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Signals™ Headlines - November 2, 1998

Ocean Shipping Reform Act of 1998: effective May 1, 1999

On October 15, 1998, after nearly four years of consideration by the US Congress, the Ocean Shipping Reform Act of 1998, (Senate Bill S.414) was signed into law by President Clinton. While the new Act will introduce some important changes to ocean transportation regulations in the US, we must emphasize it does not weaken or eliminate the US Federal Maritime Commission (FMC). In fact, the FMC will become stronger when the new Act takes effect May 1, 1999.

The Commission’s Chairman, Harold J. Creel, Jr., has just had his appointment renewed for a 5-year term. The FMC’s budget is slightly increased for fiscal year 1999. Agreements between carriers and service contracts are still required to be filed with FMC. Tariffs are still required to be published. NVOCC and Freight Forwarder bonds are still required. FMC filing fees have just been increased. FMC’s power to investigate, and its power to enforce fines and penalties, is increased under the new law. Any one who thinks FMC is weakened or eliminated by the new law is very much mistaken.

So what will change under the new law? Here are the four key changes as we see them, almost all other provisions of the Shipping Act of 1984 and FMC regulations remain unchanged:

  • Service Contract terms and conditions will no longer be made fully available to the public for review and equal access (“me too”).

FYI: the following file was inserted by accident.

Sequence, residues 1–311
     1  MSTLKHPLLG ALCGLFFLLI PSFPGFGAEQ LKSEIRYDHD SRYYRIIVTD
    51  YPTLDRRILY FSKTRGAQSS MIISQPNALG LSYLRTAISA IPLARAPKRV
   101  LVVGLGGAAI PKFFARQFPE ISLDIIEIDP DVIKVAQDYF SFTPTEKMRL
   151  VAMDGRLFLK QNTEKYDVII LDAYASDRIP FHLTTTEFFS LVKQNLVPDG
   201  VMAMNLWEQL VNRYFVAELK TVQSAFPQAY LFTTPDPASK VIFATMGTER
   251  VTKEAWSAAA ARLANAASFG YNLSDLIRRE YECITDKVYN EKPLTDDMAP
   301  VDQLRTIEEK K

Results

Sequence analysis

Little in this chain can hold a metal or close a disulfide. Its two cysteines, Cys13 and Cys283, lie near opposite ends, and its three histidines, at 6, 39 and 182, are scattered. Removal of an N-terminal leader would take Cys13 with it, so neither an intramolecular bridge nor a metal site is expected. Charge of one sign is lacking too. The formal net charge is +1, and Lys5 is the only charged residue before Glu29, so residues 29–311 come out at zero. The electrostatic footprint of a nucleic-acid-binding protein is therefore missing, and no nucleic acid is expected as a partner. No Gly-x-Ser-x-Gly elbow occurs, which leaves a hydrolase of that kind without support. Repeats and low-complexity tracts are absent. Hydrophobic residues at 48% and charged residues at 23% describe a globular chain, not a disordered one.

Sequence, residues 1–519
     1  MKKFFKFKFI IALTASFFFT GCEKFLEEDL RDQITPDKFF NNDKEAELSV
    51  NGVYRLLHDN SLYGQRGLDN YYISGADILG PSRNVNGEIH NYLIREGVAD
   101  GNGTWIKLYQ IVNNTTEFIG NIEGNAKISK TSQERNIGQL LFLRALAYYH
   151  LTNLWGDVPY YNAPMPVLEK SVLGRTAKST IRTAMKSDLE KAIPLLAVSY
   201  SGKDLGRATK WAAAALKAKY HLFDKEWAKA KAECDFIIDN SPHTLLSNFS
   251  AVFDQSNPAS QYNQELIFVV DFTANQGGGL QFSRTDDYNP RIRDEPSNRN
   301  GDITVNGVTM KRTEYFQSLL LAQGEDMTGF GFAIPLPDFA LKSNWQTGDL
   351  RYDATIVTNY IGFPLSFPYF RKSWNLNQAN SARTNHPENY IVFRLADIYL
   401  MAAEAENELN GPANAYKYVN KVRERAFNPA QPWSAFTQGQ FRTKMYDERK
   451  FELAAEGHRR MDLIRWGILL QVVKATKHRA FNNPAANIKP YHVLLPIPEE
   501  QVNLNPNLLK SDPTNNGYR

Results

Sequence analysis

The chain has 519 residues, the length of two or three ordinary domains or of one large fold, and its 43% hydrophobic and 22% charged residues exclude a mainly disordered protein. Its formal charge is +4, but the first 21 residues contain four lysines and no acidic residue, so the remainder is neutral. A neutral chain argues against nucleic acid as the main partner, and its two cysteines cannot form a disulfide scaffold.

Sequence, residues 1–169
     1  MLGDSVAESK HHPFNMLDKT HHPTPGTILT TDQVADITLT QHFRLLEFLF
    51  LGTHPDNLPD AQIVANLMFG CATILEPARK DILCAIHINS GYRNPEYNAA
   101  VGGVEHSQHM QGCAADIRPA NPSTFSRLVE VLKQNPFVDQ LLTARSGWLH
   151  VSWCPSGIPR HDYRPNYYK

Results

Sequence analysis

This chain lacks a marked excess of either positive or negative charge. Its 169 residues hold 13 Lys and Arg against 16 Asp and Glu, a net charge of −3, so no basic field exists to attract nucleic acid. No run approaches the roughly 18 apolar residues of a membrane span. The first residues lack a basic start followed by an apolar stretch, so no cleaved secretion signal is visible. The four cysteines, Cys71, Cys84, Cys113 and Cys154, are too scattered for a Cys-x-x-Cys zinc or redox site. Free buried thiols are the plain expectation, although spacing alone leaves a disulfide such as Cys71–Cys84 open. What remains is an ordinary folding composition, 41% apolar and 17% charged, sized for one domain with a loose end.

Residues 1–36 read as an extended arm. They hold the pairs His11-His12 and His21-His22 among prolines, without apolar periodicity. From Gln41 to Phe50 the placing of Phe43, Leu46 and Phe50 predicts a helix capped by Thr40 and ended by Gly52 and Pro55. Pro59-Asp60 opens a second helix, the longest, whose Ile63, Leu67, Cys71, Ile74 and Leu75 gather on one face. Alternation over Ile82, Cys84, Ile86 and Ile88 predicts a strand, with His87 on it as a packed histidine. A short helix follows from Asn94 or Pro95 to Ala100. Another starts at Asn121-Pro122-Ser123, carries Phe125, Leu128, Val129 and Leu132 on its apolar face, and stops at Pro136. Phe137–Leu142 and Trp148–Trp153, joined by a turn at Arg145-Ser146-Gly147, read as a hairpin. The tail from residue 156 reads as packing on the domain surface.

• Service contracts must continue to be filed with FMC, and carriers must continue to publish Essential Terms Tariffs for each service contract, but these tariffs will not reveal service contract rates. This is the major change made by the new Act.

  • Conferences and Rate Agreements will be required to allow member carriers more flexibility in pricing and contracting – so called Independent Action.
  • Some observers believe this will lead to conferences disbanding, and carriers will price and contract with shippers independently.

  • FMC Licensing of Freight Forwarders and NVOCCs will be merged into a new license called “Ocean Transportation Intermediary (OTI).”
  • The application forms, documents required, bonding requirement and filing fees for the new OTI License have not yet been announced. Currently registered Forwarders and NVOCCs will be given time to obtain OTI Licenses during 1999.

  • Tariff formats, which are currently exactly prescribed by FMC, will become more flexible.
  • Currently, all ocean common carriers (or tariff publishers acting on their behalf) must transmit (file) all tariffs to FMC’s “ATFI” computer system. As of May 1, 1999 ATFI filing will no longer be mandatory, but all carriers, including NVOCCs, will be required to publish accurate tariffs in on-line tariff publishing systems approved and monitored by FMC, and open to FMC at no charge. The new FMC regulations have not yet been issued, but we expect FMC will allow DPI and other tariff publishers to use new and more flexible software systems for tariff publication.

Tariff Publication Regulations: Under the Ocean Shipping Reform Act of 1998